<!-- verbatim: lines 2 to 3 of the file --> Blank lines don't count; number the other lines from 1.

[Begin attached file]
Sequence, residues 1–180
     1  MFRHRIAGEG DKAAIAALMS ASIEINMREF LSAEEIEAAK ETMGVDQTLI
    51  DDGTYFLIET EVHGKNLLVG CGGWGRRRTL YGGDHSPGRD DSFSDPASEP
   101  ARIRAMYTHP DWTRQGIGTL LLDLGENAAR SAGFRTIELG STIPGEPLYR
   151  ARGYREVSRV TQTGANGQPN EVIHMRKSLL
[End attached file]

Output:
     1  MFRHRIAGEG DKAAIAALMS ASIEINMREF LSAEEIEAAK ETMGVDQTLI
    51  DDGTYFLIET EVHGKNLLVG CGGWGRRRTL YGGDHSPGRD DSFSDPASEP